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(Reuters) - Goldman Sachs Group Inc (GS.N) Chief Executive Lloyd Blankfein made his most public commitment to the bank's commodity trading business on Wednesday, even as regulators consider measures that may push Wall Street out of physical markets.
While rival JPMorgan Chase & Co (JPM.N) decided in July to quit trading in the physical raw material markets and Morgan Stanley (MS.N) has publicly weighed spinning off all or part of its vast franchise, Goldman has remained steadfast.
"That is a core, strategic business for us," Blankfein told cable television network CNBC. He said Goldman's customers would be worse off if the company left the commodities markets. The comments echoed those made by Chief Operating Officer Gary Cohn in early August.
Diminished profit margins in commodities and a crackdown on trading activities by other regulators had convinced JPMorgan its physical commodities business was more trouble than it was worth.
The U.S. Federal Reserve is expected to make a decision within weeks about whether Goldman and Morgan Stanley, formerly unregulated investment banks, should be allowed to continue trading physical commodities broadly, and investing in infrastructure assets, under an exemption to a 1999 law.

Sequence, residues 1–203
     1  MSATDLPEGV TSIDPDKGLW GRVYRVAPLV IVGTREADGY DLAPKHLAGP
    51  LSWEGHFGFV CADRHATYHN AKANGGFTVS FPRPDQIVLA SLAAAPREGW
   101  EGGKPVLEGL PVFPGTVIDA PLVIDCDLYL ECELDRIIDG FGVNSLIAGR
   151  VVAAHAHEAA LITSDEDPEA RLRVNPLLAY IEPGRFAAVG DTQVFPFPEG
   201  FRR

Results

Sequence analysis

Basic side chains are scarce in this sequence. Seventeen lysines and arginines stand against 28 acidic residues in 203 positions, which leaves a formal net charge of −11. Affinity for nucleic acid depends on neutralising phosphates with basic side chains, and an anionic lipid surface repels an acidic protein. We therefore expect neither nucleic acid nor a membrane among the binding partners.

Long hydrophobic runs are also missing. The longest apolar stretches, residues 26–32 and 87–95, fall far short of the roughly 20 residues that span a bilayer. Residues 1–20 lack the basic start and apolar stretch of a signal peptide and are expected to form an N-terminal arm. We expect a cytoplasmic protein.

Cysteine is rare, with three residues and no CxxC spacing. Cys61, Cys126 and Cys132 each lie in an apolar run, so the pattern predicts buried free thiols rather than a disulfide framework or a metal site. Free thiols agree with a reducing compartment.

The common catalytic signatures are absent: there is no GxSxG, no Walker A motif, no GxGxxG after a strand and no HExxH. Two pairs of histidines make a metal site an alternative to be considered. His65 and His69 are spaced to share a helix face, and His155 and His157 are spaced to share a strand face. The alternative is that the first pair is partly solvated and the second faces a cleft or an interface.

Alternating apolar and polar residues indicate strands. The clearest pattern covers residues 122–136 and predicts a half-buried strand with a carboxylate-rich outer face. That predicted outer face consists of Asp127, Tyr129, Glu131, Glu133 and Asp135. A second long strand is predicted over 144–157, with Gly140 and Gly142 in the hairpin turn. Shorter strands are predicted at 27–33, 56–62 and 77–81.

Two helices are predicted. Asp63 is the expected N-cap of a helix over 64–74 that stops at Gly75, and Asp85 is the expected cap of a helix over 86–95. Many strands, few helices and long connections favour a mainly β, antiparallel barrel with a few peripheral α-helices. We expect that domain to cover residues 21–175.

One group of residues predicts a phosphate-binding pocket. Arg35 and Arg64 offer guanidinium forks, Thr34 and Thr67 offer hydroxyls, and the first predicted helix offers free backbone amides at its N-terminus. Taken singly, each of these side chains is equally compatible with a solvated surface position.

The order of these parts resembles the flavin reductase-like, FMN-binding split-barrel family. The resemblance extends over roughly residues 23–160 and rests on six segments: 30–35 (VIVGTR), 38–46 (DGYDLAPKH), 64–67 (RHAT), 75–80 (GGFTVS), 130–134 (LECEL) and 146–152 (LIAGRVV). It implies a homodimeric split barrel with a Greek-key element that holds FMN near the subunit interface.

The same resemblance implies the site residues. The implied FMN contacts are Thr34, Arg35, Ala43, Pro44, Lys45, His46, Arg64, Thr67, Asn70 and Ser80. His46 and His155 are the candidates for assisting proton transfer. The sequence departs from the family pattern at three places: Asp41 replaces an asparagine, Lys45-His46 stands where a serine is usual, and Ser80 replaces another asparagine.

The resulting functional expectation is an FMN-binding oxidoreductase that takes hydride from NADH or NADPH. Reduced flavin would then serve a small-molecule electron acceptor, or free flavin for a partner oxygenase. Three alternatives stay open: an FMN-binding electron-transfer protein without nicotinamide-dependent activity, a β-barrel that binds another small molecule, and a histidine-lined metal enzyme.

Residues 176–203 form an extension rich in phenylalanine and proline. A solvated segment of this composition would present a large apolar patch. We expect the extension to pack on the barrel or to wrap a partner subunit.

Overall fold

Through its J Aron commodities unit - where Blankfein got his start at the bank - Goldman is one of the biggest names in the commodity business. A series of acquisitions in the past few years gave Morgan Stanley a bigger physical presence and JPMorgan far more personnel.
J Aron has a lower-profile role in many physical oil and metal markets than its two chief rivals, and the bank sold off its power plant unit last year. Still, Goldman has footholds in several markets, including a deal to supply crude and market fuel with refiner Alon USA Energy ALJ.N, and owns metals warehouse firm Metro International Trade Services.
Reporting by David Henry in New Yorkl; Writing by Jonathan Leff; Editing by Gerald E. McCormick and Jeffrey Benkoe